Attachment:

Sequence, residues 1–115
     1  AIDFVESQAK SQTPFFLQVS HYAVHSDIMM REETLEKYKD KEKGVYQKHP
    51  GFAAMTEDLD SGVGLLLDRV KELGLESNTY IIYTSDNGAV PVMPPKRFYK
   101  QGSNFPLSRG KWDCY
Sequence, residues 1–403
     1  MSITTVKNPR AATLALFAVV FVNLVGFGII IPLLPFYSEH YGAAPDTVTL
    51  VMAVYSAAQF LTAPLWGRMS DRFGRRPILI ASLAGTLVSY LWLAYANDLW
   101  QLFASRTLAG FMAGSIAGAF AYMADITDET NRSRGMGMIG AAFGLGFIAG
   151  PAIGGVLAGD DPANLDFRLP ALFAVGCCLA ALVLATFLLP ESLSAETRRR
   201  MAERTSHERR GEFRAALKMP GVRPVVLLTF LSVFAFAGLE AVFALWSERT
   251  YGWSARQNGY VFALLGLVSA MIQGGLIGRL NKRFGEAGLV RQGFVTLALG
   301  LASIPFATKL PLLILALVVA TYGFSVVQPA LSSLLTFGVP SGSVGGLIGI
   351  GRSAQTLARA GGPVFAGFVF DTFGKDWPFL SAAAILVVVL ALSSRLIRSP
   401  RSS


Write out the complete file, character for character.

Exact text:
Sequence, residues 1–115
     1  AIDFVESQAK SQTPFFLQVS HYAVHSDIMM REETLEKYKD KEKGVYQKHP
    51  GFAAMTEDLD SGVGLLLDRV KELGLESNTY IIYTSDNGAV PVMPPKRFYK
   101  QGSNFPLSRG KWDCY
Sequence, residues 1–403
     1  MSITTVKNPR AATLALFAVV FVNLVGFGII IPLLPFYSEH YGAAPDTVTL
    51  VMAVYSAAQF LTAPLWGRMS DRFGRRPILI ASLAGTLVSY LWLAYANDLW
   101  QLFASRTLAG FMAGSIAGAF AYMADITDET NRSRGMGMIG AAFGLGFIAG
   151  PAIGGVLAGD DPANLDFRLP ALFAVGCCLA ALVLATFLLP ESLSAETRRR
   201  MAERTSHERR GEFRAALKMP GVRPVVLLTF LSVFAFAGLE AVFALWSERT
   251  YGWSARQNGY VFALLGLVSA MIQGGLIGRL NKRFGEAGLV RQGFVTLALG
   301  LASIPFATKL PLLILALVVA TYGFSVVQPA LSSLLTFGVP SGSVGGLIGI
   351  GRSAQTLARA GGPVFAGFVF DTFGKDWPFL SAAAILVVVL ALSSRLIRSP
   401  RSS